Before the current 48-game NHL season started, I predicted Sidney Crosby would approach if not surpass the 90-point barrier. In a typical year that level of output would be below average for Crosby, who has scored 112 points for every 80 games in his pro career.
But in this lockout-shortened season, assuming Crosby plays every game, a 90-point total translates to a 1.875 per-game rate. Sid has never produced at that pace over a 40-game sample, although he’s been at 1.61 since the start of the 2010-11 season.
I bring this up because, after a six-point weekend, Crosby is tied for seventh in the league in scoring with 13 points, six behind Buffalo’s Thomas Vanek for the NHL lead. The 25-year-old Penguins’ captain has put his concussion-related problems behind him and is by all accounts stronger than he’s ever been.
Intangibles aside, I can pinpoint three specific reasons why, despite a start a little slower than I expected, Crosby will threaten 90 points and win his second Art Ross Trophy:
1. Chris Kunitz’s revitalization – Crosby has company atop the Penguins’ scoring list through nine games, as fellow superstar Evgeni Malkin has 12 points, as does No. 87’s oft-linemate Kunitz. Following Monday’s scoring change, Kunitz officially netted five goals over the Penguins’ two-win weekend, with Crosby assisting on four of them.
As much as Sid has made himself into an elite goal-scorer since 2009 – he has 95 in his last 153 contests – his first thought will always be to pass. With Kunitz finding his touch, Crosby will have at least one reliable even-strength set-up option.
2. Power-play comfort zone - Since the Penguins returned to last year’s power-play configuration, with James Neal back in a traditional forward’s role, Evgeni Malkin helping Kris Letang at the point, Kunitz around the net and Crosby working down low, they’ve posted three man-advantage goals in 11 realistic opportunities. (This isn’t counting their empty chance in the final eight seconds of Sunday’s win at Washington.)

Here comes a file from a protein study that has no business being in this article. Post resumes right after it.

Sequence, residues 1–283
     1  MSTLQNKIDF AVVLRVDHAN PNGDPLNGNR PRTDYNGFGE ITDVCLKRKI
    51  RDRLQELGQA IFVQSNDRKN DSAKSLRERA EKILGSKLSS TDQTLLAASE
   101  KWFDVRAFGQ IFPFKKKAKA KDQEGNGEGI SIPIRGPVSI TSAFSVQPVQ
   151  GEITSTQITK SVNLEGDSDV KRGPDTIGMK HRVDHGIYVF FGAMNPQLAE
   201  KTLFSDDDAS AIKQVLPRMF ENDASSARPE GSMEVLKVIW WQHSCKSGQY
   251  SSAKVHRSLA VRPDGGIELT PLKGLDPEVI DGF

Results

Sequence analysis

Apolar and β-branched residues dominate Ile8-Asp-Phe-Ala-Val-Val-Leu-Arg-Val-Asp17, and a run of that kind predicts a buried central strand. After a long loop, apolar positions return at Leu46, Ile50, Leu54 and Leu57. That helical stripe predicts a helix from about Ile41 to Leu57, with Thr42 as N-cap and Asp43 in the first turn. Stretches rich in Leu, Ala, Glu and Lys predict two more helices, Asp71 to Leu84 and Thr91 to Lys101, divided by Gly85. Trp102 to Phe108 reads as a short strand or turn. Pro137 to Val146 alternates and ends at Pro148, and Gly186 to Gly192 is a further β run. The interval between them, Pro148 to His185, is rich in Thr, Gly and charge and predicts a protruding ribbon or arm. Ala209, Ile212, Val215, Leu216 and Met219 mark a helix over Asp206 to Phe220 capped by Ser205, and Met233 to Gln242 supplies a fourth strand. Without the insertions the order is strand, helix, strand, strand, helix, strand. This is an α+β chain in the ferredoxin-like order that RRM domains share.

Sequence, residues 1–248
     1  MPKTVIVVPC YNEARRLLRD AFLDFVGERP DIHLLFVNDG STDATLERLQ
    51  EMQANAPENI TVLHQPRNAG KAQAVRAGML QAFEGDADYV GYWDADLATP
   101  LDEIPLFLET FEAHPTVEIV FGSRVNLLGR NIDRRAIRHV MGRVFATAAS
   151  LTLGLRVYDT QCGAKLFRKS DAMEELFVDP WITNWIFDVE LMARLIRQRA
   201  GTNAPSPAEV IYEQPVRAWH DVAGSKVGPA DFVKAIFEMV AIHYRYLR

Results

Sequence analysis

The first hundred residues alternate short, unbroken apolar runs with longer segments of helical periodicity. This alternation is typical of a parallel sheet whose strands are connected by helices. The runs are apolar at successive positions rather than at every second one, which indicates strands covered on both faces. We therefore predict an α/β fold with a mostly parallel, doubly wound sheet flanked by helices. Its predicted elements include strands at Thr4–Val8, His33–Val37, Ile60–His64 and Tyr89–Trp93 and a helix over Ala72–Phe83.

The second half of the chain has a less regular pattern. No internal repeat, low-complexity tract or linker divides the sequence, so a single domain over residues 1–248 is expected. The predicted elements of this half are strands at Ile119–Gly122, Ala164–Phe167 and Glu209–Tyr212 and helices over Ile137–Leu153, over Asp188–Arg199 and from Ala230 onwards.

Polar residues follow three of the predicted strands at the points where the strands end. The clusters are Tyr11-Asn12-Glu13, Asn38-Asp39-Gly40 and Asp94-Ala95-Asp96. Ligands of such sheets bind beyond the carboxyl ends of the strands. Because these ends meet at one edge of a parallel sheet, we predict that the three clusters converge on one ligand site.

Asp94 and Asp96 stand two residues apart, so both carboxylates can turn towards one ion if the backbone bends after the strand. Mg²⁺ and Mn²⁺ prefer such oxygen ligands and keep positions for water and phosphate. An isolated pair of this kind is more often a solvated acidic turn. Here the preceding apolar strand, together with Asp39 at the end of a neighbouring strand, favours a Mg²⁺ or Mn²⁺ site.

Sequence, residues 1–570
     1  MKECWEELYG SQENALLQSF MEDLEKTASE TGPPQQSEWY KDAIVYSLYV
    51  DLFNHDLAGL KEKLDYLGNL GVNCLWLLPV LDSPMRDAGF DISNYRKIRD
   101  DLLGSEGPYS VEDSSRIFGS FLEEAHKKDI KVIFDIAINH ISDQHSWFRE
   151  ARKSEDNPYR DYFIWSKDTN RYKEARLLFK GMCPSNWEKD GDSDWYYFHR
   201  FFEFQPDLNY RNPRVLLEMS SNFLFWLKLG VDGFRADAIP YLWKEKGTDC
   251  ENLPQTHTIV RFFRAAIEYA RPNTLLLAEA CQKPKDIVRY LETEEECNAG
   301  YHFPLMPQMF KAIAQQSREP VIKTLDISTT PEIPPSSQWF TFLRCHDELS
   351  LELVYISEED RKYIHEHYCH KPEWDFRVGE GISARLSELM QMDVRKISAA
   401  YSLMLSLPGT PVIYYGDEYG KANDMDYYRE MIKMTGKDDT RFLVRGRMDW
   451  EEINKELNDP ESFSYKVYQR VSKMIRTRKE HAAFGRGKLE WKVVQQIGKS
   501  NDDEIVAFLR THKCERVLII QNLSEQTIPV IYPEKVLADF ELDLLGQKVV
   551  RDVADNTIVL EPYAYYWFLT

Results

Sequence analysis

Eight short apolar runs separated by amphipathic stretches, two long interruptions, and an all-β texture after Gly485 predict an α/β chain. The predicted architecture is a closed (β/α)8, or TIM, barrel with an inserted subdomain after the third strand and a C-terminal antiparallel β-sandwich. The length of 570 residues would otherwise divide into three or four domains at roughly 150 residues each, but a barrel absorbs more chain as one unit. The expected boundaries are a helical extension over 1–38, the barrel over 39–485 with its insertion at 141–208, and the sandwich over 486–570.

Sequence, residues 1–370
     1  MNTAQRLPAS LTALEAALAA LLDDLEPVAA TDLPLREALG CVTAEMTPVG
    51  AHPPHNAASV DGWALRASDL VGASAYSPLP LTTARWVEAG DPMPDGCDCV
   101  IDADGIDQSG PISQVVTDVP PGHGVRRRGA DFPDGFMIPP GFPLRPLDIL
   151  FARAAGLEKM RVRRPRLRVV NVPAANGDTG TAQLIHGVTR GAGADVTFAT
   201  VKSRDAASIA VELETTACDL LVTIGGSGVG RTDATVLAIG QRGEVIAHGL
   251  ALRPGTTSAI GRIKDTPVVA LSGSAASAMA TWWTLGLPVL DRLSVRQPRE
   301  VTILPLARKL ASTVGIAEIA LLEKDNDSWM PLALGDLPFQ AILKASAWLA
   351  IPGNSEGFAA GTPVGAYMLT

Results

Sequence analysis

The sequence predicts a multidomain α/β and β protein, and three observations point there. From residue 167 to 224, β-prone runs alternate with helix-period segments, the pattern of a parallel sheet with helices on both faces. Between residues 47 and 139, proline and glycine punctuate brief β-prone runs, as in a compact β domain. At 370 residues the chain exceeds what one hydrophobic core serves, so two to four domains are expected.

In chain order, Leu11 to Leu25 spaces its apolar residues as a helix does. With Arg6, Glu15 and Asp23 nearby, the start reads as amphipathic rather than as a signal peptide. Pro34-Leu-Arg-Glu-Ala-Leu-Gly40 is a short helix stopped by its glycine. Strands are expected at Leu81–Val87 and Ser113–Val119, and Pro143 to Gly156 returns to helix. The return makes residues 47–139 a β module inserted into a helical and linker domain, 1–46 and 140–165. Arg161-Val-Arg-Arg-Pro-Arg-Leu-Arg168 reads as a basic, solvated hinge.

Crosby got the primary assist on two of those three tallies, and it’s realistic to expect him to factor in on most Penguins PPGs until he retires. An effective power-play attack means a productive Crosby, whose presence near the net will also allow him to continue to make use of his superb redirection abilities as Letang, Malkin and Neal fire shots from all angles.
3. Shot volume – It’s still a small sample size, but Crosby has averaged over four shots per game this season, the highest rate on the Penguins. As advanced statistics tell us, raw shot totals are reliable measures of how much a player is contributing at the offensive end. The subjective “quality” of scoring chances is almost immaterial as long as a player is generating shots on goal, either by himself or via his teammates.
If Crosby can continue to accrue anywhere in the vicinity of four shots a night, I like his chances to regularly write his name on the scoresheet. Plus, according to Behind the Net’s numbers, the Penguins average better than a shot per minute at even strength when Crosby is on the ice. Among Pittsburgh forwards, only Malkin has a better rate, and he’s played two fewer 5-on-5 minutes per game than Crosby.
Why care about the scoring title? Well, it’s self-evident that if the Penguins’ superstars are generating points at an elite level, the team’s chances of securing a high seed in the Stanley Cup playoffs increase significantly.
Crosby and Malkin should be neck-and-neck all season for the Art Ross Trophy, but with the way No. 87 has been playing, I’d wager on him to bring home the franchise’s second consecutive scoring title – and its 15th in 25 seasons.